Set Up Your Salesforce Environment
- Enable your Dev Hub.
- Prepare your command line interface to use Salesforce CLI.
- Authorize Salesforce CLI to connect to your Dev Hub.
Tasha and her team need a way to build temporary Salesforce orgs so they can build and test new features. These are called scratch orgs. Dev Hub is a feature that lets you create and manage scratch orgs. Normally, you would enable the Dev Hub in a developer org, but for the hands-on-challenge you will create a Trailhead Playground and enable Dev Hub there.
Create a New Trailhead Playground & Get User Credentials
In order to move ahead with their plans, Tasha and her team need to enable Dev Hub in a Trailhead Playground.
Tasha and her team follow these steps to create a new Trailhead Playground.
- In any Hands-On Challenge, click the dropdown and choose Create a Trailhead Playground.
- After it has been created, use the Manage my hands-on orgs option from the same menu to edit its name, if desired.
- Get Playground credentials by following the steps in the Get Your Trailhead Playground Username and Password unit of the Trailhead Playground Management module (see link in the Resources section below).
Enable Dev Hub
Next, Tasha and her team follow these steps to enable Dev Hub.
- From Setup, enter Dev Hub in the Quick Find box and select Dev Hub.
- To enable Dev Hub, click Enable. Don’t change any of the other options.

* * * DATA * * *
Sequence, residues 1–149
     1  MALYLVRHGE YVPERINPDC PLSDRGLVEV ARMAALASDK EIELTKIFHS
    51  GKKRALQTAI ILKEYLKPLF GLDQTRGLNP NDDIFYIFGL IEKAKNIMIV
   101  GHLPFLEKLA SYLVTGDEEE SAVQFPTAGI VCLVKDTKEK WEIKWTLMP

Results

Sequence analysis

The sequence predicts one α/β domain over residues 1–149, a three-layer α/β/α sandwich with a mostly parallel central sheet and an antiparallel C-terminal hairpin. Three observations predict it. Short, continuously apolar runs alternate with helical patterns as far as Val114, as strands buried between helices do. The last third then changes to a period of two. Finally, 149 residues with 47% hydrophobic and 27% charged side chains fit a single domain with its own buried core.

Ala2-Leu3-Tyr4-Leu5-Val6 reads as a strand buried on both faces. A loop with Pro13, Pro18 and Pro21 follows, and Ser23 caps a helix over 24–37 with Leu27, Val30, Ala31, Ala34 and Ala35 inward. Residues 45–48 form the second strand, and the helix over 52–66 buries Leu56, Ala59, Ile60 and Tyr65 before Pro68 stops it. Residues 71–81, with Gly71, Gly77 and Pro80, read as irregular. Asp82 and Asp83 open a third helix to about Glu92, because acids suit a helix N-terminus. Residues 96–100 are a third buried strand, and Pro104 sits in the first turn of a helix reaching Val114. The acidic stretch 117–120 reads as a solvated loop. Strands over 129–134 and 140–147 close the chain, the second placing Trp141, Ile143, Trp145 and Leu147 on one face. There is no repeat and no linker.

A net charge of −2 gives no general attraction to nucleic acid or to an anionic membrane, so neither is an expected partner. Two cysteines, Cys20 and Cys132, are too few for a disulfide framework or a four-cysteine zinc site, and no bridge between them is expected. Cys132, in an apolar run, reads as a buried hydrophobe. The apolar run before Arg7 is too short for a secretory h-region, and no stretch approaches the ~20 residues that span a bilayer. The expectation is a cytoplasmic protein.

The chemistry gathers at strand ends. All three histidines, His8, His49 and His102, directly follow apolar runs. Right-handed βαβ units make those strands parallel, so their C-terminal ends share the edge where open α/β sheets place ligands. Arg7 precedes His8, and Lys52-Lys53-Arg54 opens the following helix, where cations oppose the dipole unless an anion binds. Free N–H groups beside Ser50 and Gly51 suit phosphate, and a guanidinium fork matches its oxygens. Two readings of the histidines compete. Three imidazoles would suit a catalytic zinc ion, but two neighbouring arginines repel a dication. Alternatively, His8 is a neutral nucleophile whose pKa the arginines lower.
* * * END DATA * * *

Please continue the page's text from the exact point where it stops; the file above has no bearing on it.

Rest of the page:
Prepare Command Line Interface
Now that Tasha’s ready to create and use scratch orgs, she needs to connect developer tools, such as Salesforce CLI and CumulusCI, to her Dev Hub. After installing Salesforce CLI on her computer, she connects it to Dev Hub—enabled in her Developer org—and this authorizes the use of scratch orgs.
Once Salesforce CLI is connected, Tasha needs to install CumulusCI to gain the automation framework for developing and testing Salesforce projects.
Install the Salesforce Command Line Interface
Tasha and her team follow these steps to install the interface.
- Navigate to the Salesforce CLI home and download the Salesforce CLI version for your operating system. Open the downloaded installation file and step through the installation with the default settings selected.
- To confirm that Salesforce CLI is installed, open VS Code and choose Terminal→New Terminal. It will look something like this:
- In the command prompt, enter:
If Tasha installed Salesforce CLI while VS Code was running, she may need to restart VS Code. She’ll know Salesforce CLI is installed because the command returns a single line in the Terminal panel that starts with
@salesforce/cli and describes the version of Salesforce CLI that's installed.
Authorize Salesforce CLI to Connect to Dev Hub
Tasha and her team follow these steps to authorize Salesforce CLI access to a DevHub-enabled org. The authorization allows Salesforce CLI to securely store a token (a secure version of your username/password) along with the alias for the Salesforce org.
Suggestion: set the alias to CCIDevHub to match the example used throughout the Build Applications with CumulusCI trail. It's much easier to remember than your unique Trailhead Playground username.
- Open VS Code and go to the Terminal in the Panel.
- Type this web login flow command to log in and set an alias name for the org, such as CCIDevHub:
sf org login web --alias CCIDevHub
- This will open a browser to the Salesforce login page. Log in using the username and password for the Trailhead Playground org in which you enabled Dev Hub.
- When prompted to “Allow Access” for Salesforce CLI, click the Allow button.
- Back in VS Code, verify you can now log into the org by typing this command:
sf org open --target-org CCIDevHub
If successful, a browser window opens to the org's Setup page. Tasha can now work in the org using Salesforce CLI commands, so she can close the browser window at any time.